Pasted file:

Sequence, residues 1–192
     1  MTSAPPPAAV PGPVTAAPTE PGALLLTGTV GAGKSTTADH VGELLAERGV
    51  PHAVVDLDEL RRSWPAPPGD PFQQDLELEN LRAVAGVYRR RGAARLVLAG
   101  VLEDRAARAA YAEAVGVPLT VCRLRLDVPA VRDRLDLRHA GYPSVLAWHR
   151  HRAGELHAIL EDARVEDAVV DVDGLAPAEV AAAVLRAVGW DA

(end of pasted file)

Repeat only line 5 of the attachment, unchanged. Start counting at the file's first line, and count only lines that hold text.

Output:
   151  HRAGELHAIL EDARVEDAVV DVDGLAPAEV AAAVLRAVGW DA